I think the conversation generally has been more nuanced than Jill Filipovic has it, but she’s certainly right when she says, “We did our part; the Trump Administration did not do theirs.” That said, Filipovic’s take does nicely summarize (can you “summarize at length”?) the complicated network of costs and benefits that have risked being over-simplified into “stop the virus versus open the economy”.
That said, I do think she’s right about the dangers of the weird and should-have-been-unnecessary tightrope we might be left to walk, even if I don’t completely agree that we’ve already been surrendering to it.
This is a dangerous place to be. It’s a place that has liberals playing defense, and trying to mitigate the very worst of the harm. And that often means dumbing down the conversation, or not hashing out the murky middle, because this is an emergency and we really can’t give the death cult any more ammunition.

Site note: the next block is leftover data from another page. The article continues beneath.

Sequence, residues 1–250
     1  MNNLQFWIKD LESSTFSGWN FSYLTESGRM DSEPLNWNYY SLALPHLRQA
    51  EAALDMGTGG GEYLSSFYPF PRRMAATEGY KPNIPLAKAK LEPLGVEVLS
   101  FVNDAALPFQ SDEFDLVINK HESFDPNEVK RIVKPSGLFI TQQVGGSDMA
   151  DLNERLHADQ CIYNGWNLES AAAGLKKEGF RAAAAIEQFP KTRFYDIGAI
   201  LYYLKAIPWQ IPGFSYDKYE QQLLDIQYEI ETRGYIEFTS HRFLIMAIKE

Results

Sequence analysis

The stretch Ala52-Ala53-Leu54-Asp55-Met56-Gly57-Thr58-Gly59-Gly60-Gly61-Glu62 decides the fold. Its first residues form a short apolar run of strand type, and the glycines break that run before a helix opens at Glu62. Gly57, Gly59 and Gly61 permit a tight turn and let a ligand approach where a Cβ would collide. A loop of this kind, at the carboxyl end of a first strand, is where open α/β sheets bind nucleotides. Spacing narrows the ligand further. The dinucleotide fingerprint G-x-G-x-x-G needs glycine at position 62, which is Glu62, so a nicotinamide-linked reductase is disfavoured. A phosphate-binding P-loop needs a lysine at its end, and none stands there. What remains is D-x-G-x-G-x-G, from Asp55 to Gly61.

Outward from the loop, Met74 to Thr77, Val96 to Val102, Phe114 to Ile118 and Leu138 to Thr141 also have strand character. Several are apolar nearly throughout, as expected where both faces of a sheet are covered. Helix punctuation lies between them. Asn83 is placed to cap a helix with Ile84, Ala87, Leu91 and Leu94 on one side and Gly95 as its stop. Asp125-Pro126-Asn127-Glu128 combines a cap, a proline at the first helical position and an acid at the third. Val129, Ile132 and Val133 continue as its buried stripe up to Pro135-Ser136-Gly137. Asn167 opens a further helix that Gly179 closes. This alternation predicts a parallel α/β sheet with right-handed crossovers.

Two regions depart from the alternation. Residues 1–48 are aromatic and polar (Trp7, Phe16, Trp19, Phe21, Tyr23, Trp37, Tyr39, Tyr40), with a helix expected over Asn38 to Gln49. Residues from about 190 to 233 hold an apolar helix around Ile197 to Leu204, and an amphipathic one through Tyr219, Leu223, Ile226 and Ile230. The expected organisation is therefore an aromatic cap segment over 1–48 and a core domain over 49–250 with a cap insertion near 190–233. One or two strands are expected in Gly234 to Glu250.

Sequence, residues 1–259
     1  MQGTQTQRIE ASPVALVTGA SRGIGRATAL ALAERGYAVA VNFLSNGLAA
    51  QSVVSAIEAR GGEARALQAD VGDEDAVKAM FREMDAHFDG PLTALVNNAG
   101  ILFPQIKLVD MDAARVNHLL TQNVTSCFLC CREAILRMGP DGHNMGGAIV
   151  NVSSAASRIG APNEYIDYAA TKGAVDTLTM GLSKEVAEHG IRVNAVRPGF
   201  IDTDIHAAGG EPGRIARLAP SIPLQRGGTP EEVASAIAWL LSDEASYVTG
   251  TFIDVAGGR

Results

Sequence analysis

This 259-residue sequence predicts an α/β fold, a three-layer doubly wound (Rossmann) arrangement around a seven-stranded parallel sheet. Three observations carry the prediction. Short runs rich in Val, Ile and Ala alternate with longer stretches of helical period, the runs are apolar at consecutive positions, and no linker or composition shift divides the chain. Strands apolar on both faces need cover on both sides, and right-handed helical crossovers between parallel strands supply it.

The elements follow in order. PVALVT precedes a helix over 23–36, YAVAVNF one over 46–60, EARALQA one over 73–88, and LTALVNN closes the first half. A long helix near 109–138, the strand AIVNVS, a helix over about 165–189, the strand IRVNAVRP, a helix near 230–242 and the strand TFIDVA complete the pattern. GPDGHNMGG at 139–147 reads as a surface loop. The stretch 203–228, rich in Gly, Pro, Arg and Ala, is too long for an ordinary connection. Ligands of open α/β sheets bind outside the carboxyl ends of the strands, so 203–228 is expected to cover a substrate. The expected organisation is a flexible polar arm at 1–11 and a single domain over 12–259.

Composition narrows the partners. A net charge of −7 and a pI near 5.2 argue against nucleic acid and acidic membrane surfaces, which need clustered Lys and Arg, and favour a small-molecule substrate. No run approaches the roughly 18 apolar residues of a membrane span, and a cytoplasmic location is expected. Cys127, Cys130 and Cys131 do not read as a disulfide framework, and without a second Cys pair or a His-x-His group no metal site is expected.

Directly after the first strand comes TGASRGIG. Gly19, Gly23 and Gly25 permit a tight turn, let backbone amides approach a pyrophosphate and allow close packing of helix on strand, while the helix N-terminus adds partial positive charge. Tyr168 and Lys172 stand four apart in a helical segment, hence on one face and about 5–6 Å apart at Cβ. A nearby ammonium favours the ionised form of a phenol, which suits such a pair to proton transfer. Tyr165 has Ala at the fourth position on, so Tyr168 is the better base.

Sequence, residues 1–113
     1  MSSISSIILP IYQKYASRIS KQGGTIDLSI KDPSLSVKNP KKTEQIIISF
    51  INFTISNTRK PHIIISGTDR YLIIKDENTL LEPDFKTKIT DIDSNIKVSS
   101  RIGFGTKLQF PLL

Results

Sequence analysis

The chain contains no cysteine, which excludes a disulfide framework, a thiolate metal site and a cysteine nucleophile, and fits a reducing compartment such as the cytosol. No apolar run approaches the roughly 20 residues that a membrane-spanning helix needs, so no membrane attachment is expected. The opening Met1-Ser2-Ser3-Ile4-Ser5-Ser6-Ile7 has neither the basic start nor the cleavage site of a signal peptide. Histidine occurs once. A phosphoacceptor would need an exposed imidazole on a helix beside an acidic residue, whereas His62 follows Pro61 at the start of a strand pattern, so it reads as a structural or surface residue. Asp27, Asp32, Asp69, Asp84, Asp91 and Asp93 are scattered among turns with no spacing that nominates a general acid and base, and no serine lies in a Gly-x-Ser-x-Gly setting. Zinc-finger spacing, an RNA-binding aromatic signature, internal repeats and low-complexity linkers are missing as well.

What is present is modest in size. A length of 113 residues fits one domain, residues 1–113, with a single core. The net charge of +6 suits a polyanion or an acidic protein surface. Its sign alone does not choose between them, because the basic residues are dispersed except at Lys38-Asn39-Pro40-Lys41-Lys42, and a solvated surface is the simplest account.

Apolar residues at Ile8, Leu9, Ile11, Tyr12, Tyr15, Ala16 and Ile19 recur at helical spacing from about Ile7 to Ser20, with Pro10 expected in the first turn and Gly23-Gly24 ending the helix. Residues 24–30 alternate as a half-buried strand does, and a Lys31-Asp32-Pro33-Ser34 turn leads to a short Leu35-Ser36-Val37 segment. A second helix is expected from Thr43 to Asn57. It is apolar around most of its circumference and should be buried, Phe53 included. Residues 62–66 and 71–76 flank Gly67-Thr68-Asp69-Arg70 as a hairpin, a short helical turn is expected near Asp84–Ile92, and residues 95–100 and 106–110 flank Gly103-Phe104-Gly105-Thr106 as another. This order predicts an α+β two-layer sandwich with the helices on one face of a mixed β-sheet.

- I do also essentially agree with her analysis that “we haven’t heard a careful and transparent proposal on the left”. I imagine in part because the elected left (as opposed to the agitating or organizing left) hasn’t figured out — or, worse, believes it’s still politically impossible — how to propose addressing all the ways in which the SARS-CoV-2 exposed existing imbalances, inequalities, and inequities to public view, even though such a proposal would be full of things the public already supports, and the damage of the pandemic offers up a ready-made opportunity to fight for them.